In addition to this FAQ resource, we have also been working with dozens of companies to help them develop custom, compliant written COVID-19 Vaccination, Testing, and Face Coverings Policies, along with the necessary ancillary forms, as required by the ETS. We have a questionnaire that we can work through with you to understand and make the best policy choices for your organization (e.g., what cap you will set for paid recovery time; whether to supply test kits to employees or require them to take tests offsite; how you will communicate to employees the information required to be shared; etc.), and with those answers, we develop a customized written program including: Continue reading →
For those of you with establishments in New York City, note that this week, Mayor Bill de Blasio and the New York City Commissioner of Health and Mental Hygiene issued a private employer vaccine mandate, and yesterday published this implementation guidance for employers.
The key provisions of the mandate include:
1. Beginning December 27, 2021, workers must provide proof of vaccination against COVID-19 to a covered entity before entering the workplace, and a covered entity must exclude from the workplace any worker who has not provided such proof, unless they are provided an accommodation for a disability or religious reason.
“Covered entity” means:
a non-governmental entity that employs more than one worker in New York City or maintains a workplace in New York City; or
a self-employed individual or a sole practitioner who works at a workplace or interacts with workers or the public in the course of their business.
“Worker” means an individual who works in-person in New York City at a workplace. Worker includes a full- or part-time staff member, employer, employee, intern, volunteer or contractor of a covered entity, as well as a self-employed individual or a sole practitioner.
Worker does not include:
an individual who works from their own home and whose employment does not involve interacting in-person with co-workers or members of the public;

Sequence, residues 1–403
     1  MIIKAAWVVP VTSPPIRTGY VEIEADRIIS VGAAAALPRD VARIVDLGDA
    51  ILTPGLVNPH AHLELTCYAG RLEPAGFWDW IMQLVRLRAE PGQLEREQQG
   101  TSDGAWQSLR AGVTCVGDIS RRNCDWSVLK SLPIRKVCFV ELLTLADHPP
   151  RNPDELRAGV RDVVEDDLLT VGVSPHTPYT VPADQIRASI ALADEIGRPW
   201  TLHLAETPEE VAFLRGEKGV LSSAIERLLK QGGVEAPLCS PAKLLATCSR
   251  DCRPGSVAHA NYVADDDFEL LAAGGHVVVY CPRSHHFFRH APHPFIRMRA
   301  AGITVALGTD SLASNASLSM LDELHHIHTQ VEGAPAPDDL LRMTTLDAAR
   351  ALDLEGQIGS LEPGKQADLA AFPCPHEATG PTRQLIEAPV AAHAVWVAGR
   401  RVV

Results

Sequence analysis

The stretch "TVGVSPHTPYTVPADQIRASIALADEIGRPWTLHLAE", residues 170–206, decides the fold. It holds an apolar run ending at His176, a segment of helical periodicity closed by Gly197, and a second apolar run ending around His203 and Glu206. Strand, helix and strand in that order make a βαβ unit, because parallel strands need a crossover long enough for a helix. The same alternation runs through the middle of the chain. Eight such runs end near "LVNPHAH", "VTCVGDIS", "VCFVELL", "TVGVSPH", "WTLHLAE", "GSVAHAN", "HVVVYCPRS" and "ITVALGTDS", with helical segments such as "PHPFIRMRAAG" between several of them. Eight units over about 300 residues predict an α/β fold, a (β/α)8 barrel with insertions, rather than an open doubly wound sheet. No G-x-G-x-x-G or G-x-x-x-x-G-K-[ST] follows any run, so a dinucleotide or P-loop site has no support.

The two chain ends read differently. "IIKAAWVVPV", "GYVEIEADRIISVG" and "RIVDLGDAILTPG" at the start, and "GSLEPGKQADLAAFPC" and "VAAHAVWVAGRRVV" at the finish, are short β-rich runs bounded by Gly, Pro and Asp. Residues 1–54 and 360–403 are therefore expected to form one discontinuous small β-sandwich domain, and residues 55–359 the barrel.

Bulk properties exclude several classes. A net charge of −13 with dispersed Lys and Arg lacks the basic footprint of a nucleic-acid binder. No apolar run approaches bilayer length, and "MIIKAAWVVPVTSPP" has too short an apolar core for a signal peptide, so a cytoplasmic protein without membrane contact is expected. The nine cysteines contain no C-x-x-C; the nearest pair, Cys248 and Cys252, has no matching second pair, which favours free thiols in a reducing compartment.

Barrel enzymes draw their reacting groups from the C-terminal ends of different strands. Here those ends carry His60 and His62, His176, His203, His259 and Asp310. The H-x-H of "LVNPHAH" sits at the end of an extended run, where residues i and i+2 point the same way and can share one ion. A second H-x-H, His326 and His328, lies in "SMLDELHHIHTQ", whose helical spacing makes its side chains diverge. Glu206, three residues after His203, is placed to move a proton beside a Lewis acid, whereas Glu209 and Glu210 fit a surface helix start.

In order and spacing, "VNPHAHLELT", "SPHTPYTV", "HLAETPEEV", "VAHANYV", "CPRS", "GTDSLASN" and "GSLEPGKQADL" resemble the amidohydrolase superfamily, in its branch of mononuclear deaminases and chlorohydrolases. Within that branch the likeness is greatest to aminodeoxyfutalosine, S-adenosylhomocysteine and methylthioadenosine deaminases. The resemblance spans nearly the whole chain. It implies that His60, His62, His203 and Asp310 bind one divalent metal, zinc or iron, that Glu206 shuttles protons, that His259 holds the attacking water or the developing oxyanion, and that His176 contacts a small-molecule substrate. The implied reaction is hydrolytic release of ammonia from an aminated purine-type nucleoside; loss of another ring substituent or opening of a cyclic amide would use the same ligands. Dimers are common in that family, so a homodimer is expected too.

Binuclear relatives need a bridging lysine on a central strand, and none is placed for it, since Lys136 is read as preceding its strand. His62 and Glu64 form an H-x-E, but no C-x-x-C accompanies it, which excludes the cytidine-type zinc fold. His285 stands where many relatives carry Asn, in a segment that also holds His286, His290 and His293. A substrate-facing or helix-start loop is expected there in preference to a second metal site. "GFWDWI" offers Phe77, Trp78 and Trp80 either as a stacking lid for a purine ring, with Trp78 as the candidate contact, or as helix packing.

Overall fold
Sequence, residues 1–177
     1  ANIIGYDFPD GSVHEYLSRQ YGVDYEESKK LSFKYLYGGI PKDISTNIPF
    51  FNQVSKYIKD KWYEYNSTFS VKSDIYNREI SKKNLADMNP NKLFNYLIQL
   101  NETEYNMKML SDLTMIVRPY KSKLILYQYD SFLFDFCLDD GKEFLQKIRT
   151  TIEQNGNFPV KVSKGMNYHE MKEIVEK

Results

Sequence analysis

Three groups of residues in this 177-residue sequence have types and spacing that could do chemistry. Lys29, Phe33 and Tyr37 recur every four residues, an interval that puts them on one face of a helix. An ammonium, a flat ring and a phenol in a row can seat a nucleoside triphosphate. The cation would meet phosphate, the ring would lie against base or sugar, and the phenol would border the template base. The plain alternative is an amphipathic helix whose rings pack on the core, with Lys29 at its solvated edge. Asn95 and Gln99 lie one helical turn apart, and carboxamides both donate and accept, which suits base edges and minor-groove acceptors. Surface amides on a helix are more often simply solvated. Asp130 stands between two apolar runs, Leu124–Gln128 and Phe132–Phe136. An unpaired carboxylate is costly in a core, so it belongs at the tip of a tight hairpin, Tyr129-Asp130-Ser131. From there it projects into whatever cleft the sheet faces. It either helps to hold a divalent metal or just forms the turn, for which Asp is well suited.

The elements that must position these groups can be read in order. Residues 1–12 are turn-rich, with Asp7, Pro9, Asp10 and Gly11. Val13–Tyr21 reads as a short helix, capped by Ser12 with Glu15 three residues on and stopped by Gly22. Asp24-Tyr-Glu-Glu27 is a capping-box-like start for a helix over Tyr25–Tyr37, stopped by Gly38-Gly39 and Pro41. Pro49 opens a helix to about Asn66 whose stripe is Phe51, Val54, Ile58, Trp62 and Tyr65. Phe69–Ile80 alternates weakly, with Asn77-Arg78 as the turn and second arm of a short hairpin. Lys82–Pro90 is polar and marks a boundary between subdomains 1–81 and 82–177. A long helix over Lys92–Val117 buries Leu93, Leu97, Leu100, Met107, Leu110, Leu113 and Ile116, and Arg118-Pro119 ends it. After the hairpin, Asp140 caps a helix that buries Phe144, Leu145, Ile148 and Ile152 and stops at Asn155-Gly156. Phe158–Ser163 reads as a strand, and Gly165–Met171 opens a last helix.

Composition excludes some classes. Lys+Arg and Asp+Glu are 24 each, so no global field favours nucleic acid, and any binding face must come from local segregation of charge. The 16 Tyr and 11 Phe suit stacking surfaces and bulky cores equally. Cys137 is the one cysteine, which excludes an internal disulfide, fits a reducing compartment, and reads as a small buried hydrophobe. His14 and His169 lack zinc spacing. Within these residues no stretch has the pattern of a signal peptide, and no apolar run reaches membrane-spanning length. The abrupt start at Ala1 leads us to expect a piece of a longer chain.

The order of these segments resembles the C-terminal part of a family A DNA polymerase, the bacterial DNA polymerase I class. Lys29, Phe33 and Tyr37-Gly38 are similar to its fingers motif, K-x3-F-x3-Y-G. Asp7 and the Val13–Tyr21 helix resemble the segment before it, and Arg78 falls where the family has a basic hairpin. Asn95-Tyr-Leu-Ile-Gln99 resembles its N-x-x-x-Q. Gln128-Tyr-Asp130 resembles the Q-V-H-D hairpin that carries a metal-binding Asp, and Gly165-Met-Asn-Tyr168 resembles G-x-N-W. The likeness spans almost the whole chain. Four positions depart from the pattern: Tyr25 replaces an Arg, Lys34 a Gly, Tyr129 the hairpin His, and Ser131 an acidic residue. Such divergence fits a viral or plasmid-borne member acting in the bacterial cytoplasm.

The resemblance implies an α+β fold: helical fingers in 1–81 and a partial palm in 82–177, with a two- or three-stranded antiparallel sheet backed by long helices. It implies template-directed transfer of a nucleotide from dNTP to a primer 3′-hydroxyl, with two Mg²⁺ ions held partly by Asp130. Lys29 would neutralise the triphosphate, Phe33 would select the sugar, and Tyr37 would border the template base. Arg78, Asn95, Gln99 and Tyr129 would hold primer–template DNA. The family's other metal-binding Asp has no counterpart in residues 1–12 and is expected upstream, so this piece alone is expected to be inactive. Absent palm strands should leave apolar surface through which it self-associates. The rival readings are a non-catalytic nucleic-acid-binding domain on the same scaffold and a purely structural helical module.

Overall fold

an individual who enters the workplace for a quick and limited purpose (such as to use the bathroom, make a delivery, or clocking in and receiving an assignment before leaving to begin a solitary assignment); or
non-City residents who are performing artists, college or professional athletes, or individuals accompanying such performing artists or college or professional athletes who do not have to display proof of vaccination pursuant to the Key to NYC program, Emergency Executive Order No. 316 and successor Orders.
“Workplace” means any location, including a vehicle, where work is performed in the presence of another worker or member of the public.
“Proof of vaccination” means one of the following documents demonstrating that an individual has (1) been fully vaccinated against COVID-19; (2) received one dose of a single-dose COVID-19 vaccine; or (3) received the first dose of a two dose COVID-19 vaccine, provided that a worker providing proof of only such first dose provides proof of receiving the second dose of that vaccine within 45 days after receiving the first dose:
A CDC COVID-19 Vaccination Record Card or other official immunization record from the jurisdiction, city, state, or country where the vaccine was administered, or from a healthcare provider or other approved immunizer who administered the vaccine, that provides the person’s name, vaccine brand, and date of administration. A digital photo or photocopy of such record is also acceptable.
New York City COVID Safe App showing a vaccination record;
A valid New York State Excelsior Pass/Excelsior Pass Plus;
CLEAR Health Pass; or
Any other method specified by the Commissioner as sufficient to demonstrate proof of vaccination.
2. Workers in New York City who perform in-person work or interact with the public in the course of business must show proof they have received at least one dose of a COVID-19 vaccine by December 27th.
Workers will then have 45 days to show proof of their second dose (for Pfizer or Moderna vaccines).
We briefly summarize the Sixth Circuit’s decision below and explain the lay of the land as it stands at this moment, what might occur next and, most importantly, what this means for employers across the nation. Bottom line is that events are moving fast, but as we said a few weeks ago, do not put a fork in the ETS, and continue to prepare to come into compliance with it. It is alive and well, at least until we hear from the Supreme Court.
Sixth Circuit Decision